Feel-good story of the week: 51-year-old Eureka resident Brian Connors, a friend of the Journal, has been one of the unluckiest people in Humboldt County in recent years. Back in December 2006 he was laid off from his job at Pacific Lumber. Then company's then-parent corporation, the infamous Maxxam, promised him and 89 other laid-off workers a severance package ... but promptly declared bankruptcy a couple of weeks later, leaving the severance in legal limbo.
Connors later got a job at Evergreen Pulp, the old pulp mill in Samoa which had been taken over by the multinational Chinese paper firm Lee & Man. Then, late last year, Lee & Man abruptly shut down the mill and split town, leaving workers unemployed and obligations to their medical insurance plan unfunded. (Connors wasn't the only person in the county to experience this particular double-whammy, of course.)
Then, this month, everything turned around. There was some good news just a couple of weeks ago. Connors picked up a job as a bus driver for Humboldt Transit Authority, about a secure a gig as you can get in this economic climate. On Monday, though, something miraculous happened. Completely out of the blue, there arrived a check for $8,000. The long-promised and mostly forgotten severance package from Maxxam had finally arrived, courtesy of the bankruptcy court trustee.
It's not certain, but it seems that the same story played itself out in the households of the 89 other people who were in that round of Maxxam layoffs with Connors. Supervisor Mark Lovelace said Monday afternoon that he had been in touch with a few people in Connors' cohort, and reported back that one had received a check that same day.
In his enthusiasm -- and because he and others had assumed their severance was lost forever in the bankruptcy proceedings -- Connors made a slight error. He credited the new Humboldt Redwood Company, Pacific Lumber's successor firm, with unilaterally sending out the promised checks simply to be decent people.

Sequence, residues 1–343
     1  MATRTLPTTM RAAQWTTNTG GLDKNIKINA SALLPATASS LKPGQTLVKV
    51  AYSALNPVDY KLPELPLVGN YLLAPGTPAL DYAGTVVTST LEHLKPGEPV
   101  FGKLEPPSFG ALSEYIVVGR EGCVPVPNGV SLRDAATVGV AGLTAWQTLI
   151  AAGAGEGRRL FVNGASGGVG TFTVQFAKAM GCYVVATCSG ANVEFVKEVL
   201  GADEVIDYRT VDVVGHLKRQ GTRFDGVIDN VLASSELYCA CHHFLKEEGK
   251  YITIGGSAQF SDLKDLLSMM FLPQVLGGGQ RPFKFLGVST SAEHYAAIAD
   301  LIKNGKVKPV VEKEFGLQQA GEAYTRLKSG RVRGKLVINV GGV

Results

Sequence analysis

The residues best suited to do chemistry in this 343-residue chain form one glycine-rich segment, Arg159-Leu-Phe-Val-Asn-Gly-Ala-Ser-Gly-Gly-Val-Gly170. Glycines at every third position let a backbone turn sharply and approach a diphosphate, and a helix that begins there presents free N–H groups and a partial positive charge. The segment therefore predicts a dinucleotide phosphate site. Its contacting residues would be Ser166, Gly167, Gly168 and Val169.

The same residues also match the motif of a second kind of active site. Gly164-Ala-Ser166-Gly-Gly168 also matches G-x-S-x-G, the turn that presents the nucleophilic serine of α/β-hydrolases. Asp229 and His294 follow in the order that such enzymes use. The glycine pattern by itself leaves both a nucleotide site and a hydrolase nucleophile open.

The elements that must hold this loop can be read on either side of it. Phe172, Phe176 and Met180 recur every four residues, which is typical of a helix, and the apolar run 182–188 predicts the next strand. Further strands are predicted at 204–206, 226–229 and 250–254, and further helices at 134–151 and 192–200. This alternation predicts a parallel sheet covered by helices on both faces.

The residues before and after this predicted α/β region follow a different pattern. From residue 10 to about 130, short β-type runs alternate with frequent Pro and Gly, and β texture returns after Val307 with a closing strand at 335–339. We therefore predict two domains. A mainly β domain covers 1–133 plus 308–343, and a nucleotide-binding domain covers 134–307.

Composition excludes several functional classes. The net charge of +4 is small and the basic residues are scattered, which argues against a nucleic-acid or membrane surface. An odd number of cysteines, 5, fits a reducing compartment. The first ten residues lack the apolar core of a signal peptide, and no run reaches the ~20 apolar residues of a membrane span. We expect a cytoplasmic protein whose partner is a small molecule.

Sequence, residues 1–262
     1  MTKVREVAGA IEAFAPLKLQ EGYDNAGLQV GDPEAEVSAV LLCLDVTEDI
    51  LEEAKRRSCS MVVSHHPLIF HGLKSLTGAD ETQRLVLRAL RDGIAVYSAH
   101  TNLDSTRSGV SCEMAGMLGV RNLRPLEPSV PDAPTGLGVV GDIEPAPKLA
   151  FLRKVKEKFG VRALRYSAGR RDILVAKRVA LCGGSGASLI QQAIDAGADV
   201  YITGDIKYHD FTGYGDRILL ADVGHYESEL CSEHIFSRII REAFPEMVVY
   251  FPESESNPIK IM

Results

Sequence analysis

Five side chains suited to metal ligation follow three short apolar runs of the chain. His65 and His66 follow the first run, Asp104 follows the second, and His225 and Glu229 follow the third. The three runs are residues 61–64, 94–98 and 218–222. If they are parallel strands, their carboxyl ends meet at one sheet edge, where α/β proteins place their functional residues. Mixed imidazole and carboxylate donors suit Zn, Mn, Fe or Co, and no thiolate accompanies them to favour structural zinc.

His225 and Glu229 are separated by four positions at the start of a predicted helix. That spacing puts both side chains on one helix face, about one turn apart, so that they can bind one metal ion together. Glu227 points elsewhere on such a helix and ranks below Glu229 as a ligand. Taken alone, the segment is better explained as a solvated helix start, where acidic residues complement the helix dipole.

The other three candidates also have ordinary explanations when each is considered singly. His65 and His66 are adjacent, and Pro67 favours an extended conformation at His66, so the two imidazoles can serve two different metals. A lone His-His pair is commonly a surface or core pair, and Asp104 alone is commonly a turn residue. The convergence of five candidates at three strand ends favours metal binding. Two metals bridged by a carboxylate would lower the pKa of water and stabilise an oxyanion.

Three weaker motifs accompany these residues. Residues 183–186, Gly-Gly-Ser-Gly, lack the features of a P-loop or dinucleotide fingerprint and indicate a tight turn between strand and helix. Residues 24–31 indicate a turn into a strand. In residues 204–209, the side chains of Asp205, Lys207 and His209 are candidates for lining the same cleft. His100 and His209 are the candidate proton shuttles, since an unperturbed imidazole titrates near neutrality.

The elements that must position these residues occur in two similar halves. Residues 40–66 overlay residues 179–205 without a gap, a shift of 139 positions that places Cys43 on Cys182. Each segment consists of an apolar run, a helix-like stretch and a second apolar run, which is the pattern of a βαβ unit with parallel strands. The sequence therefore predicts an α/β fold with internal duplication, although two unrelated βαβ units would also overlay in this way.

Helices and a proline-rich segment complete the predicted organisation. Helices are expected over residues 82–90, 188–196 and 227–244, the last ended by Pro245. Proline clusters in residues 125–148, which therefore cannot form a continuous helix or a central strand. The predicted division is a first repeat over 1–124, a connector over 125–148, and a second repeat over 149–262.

"I don't know why [Humboldt Redwoods'] Fisher family said, 'OK, let's pay them,'" Connors told the Journal shortly after opening the envelope. "But it tripped me out, dude."
This turns out not to be the case. In fact, payment of the severance packages (or a high percentage of each one) was part of the deal Humboldt Redwoods and its partners struck in court. "Certainly we're really happy for folks, and we think it's meaningful for them to get paid at this time, but it was a matter of law and it was how the bankruptcy proceeded," said Humboldt Redwoods President Mike Jani Tuesday.
The county can rejoice along with the recipients of the long-overdue packages: As Connors pointed out, the payments amount to perhaps $1 million suddenly injected into the local economy, maybe more.
Feel-bad story of the week: Noble old bullock that he is, it was unbelievably touching to watch McKinleyville's Charles Ollivier -- French bon vivant and retired longshoreman -- stand up and take his final bow at the Humboldt County Board of Supervisors meeting Tuesday morning. The occasion was the board decision not to reappoint Ollivier to represent Humboldt County on the North Coast Railroad Authority, the public agency that owns the 10-years-dead tracks through the county. The railroad is one of the key components of the grand vision of cargo-centric economic revitalization that Ollivier has done more than anyone to promote, and his seat on its board of directors was the last perch from which the man could have had any direct influence on policy.
"I'm a cheerleader," the smiling Ollivier told the Board of Supes Tuesday afternoon, after thanking them for allowing him to serve and giving them permission to go ahead and do what they needed to do. "Either way, I will continue to be a cheerleader for the creation of jobs here."
And after a wrenching goodbye from gentlemanly supe Jimmy Smith, and over strong protest from Supervisor Jill Duffy, the board went ahead and cut the cord. They appointed new Eureka City Councilmember Linda Atkins, a former Caltrans engineer, to replace Ollivier on the NCRA board, thus acknowledging the fact that: a) the happy warrior lost his last election to the Humboldt Bay Harbor District by a 2-to-1 margin, and b) the large majority of the electorate now thinks that his vision of moving international freight through the county as an economic development strategy is impossible bordering on ludicrous.
None of which should prevent anyone from raising a glass of fine Bordeaux to the lovable old codger. Here's hoping that he will infest our public spaces for many years to come.